Example: My plan was to work at a translation agency after graduating and then become a full-time freelancer. It did not work. I had non-translation jobs during my first four years as a freelancer (from 2010 to 2014). Translation was an ad-hoc activity. I only jumped to full-time freelancing when combining my day job and an increasing volume of translation work became unsustainable. By then, I had built a nice network of colleagues and a financial cushion to support my first 6 months as a full-time freelancer, too.

Do not underestimate your ‘other jobs’

Any job will provide you with skills which will come in handy when you go freelance, so do not underestimate those temporary jobs you only take to pay the bills. Make the most of each experience and focus on two things: skills and contacts.

Transferable skills will help with the non-translation aspects of your freelancing business. Keep a list of every skill you learn (it is particularly useful for brand creation and positioning) and do not burn any bridges when leaving a company. People are more likely to work with people they like, and you never know who will think of you in future when they need a translation! Some of my long-term regular clients, for example, are former colleagues or people they referred me to.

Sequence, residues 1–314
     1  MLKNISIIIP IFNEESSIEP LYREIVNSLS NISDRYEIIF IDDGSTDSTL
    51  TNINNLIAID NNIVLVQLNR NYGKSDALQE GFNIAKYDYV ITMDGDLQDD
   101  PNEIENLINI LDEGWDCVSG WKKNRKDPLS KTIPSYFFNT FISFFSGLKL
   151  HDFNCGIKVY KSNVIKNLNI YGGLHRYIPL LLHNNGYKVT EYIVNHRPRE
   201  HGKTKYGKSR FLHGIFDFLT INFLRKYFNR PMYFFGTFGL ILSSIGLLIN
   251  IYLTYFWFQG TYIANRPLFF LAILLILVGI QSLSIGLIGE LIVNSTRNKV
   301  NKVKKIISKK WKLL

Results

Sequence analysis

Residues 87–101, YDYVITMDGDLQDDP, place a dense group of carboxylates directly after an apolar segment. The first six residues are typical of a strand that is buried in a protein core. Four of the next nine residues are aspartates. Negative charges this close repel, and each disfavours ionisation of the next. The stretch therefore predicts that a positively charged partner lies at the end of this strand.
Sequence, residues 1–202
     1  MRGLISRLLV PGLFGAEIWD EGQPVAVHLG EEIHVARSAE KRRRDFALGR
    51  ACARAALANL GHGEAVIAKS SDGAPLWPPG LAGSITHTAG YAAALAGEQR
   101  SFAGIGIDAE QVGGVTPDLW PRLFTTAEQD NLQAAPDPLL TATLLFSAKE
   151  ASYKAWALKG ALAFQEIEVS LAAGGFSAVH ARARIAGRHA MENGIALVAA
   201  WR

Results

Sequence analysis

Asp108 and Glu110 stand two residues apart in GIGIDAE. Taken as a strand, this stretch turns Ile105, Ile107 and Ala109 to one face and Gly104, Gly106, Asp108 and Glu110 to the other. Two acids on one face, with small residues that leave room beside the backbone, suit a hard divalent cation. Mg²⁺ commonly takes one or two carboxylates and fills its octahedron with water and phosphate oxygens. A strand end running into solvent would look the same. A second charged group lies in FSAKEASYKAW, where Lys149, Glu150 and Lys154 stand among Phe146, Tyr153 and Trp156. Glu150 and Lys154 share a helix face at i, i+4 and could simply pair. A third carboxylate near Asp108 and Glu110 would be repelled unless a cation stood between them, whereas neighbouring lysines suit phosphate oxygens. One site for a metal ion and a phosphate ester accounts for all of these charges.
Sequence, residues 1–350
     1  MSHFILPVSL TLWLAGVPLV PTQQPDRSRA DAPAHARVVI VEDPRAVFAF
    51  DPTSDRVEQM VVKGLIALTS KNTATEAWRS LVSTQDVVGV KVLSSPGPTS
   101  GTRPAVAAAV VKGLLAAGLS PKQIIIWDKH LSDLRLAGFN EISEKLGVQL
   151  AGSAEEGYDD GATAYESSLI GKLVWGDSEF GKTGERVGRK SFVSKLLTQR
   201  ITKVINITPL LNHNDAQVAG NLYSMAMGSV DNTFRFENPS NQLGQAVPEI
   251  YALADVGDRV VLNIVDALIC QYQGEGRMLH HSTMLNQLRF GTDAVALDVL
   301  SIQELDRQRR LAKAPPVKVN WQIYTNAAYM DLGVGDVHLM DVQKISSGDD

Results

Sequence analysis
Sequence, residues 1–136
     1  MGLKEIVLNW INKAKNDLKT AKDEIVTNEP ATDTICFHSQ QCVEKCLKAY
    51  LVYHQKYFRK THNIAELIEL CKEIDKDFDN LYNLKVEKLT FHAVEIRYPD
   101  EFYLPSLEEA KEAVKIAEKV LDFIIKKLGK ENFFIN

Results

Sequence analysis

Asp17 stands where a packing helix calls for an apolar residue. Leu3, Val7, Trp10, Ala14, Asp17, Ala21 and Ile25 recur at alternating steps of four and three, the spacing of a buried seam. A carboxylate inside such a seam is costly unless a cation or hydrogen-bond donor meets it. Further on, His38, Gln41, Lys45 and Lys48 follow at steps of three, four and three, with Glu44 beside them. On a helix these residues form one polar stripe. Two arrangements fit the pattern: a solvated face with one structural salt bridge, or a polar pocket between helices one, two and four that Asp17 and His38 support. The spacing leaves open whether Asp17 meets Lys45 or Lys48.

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The information included in this article is correct at the time of publication/last update. This article is for informational purposes only, does not constitute legal advice and should not be relied upon as such. Any reliance you place on such information is strictly at your own risk. ICR Translations will not be liable for any loss or damage arising from loss of data or profits as a result of, or in connection with, the use of this website.

Irene Corchado Resmella, a Spanish translator based in Edinburgh. English-Spanish sworn translator appointed by the Spanish Ministry of Foreign Affairs, Chartered Linguist and member of the CIOL. As a legal translator, I focus on Private Client law, specialising in Wills and Succession across three jurisdictions (England & Wales, Spain, and Scotland). Affiliate member of STEP. ICR Translations is registered with the ICO and has professional indemnity insurance.